Japanese engineers have created highly transparent solar cells.

A research group at Tohoku university has fabricated a highly transparent solar cell with a 2D atomic sheet. 

The near-invisible solar cells have achieved an average visible transparency of 79 per cent, meaning they can, in theory, be placed everywhere - building windows, the front panel of cars, and even human skin.

Scientists have long sought to develop transparent solar cells, but the suitable materials have not existed thus far.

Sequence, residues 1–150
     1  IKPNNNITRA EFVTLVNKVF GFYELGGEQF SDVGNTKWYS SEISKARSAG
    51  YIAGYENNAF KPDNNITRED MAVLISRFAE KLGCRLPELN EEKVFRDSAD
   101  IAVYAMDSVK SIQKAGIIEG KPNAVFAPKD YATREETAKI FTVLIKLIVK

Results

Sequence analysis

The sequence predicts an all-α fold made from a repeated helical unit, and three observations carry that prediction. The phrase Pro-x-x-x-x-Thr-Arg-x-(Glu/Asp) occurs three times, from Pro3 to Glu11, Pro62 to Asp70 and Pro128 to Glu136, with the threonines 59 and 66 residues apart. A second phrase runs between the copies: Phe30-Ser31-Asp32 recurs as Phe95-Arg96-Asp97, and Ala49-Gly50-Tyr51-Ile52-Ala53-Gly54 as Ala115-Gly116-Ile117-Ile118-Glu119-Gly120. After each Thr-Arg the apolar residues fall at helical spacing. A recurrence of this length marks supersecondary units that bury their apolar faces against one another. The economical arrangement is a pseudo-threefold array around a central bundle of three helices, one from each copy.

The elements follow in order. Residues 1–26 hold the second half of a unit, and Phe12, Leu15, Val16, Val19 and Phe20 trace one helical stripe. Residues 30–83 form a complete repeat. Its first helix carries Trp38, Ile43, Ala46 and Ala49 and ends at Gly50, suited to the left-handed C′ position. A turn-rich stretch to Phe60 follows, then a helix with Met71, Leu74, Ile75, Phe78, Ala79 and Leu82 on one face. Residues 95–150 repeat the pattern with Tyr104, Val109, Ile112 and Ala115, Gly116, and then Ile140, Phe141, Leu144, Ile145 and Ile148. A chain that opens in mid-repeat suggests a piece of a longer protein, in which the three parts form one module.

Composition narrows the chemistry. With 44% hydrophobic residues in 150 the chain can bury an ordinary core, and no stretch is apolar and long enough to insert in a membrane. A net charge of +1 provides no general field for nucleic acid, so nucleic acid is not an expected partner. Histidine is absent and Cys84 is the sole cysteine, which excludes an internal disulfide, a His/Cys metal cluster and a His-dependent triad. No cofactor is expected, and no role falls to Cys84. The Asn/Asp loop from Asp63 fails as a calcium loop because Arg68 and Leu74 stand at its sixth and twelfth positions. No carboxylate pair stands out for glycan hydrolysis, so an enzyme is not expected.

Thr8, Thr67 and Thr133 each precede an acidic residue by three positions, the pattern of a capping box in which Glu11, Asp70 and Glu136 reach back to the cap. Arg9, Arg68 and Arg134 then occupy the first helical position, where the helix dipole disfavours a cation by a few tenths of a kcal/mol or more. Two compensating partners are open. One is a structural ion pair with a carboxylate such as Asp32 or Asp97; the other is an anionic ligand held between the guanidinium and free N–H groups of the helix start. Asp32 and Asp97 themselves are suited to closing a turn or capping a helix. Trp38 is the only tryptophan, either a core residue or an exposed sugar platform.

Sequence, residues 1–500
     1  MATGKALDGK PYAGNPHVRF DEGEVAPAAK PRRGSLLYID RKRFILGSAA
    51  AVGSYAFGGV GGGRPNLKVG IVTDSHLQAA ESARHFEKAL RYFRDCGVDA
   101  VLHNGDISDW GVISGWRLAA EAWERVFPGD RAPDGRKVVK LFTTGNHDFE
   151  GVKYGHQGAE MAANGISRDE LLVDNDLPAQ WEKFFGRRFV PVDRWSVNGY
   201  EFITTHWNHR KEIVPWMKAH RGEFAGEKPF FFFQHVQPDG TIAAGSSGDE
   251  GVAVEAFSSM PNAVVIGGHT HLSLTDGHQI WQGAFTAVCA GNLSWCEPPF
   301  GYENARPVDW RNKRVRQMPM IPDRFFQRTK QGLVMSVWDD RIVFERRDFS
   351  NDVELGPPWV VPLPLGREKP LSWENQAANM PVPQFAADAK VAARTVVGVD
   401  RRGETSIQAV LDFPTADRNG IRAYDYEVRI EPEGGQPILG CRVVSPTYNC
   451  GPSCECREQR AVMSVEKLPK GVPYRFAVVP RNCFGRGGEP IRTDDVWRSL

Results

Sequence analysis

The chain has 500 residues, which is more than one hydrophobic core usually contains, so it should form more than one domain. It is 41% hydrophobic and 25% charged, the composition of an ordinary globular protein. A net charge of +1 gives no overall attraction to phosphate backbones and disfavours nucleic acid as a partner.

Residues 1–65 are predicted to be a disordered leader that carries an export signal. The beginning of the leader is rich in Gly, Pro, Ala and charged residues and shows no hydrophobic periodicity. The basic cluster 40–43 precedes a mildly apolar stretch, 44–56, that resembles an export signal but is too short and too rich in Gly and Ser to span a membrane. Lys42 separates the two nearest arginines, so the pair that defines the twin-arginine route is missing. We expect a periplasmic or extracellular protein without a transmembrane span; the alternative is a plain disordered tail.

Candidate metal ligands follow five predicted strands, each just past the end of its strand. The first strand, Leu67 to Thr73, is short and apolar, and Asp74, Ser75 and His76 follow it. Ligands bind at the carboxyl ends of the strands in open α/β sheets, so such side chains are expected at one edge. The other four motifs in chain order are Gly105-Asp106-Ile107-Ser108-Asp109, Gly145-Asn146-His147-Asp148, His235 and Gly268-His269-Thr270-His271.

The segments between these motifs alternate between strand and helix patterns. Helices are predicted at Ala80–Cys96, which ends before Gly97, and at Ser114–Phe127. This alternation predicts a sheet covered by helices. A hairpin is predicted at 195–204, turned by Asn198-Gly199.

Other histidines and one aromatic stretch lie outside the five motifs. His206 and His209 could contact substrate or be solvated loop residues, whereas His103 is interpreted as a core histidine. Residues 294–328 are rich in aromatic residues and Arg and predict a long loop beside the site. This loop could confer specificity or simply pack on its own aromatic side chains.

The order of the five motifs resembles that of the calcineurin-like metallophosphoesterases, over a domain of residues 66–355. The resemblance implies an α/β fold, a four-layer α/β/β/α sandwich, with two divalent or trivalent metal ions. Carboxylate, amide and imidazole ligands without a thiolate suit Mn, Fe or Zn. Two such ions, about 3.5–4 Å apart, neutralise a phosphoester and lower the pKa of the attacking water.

To make the solar cell, the team controlled the contact barriers between indium tin oxide (ITO), one of the most widely used transparent conducting oxides, and a monolayer tungsten disulfide. They coated various thin metals onto the ITO and inserted a thin layer of Tungsten Oxide between the coated ITO and the tungsten disulfide.

“The way in which we formed the solar cell resulted in a power conversion efficiency over 1000 times that of a device using a normal ITO electrode,” says Dr Toshiaki Kato, associate professor at Tohoku University's Graduate School of Engineering.

More details are accessible here.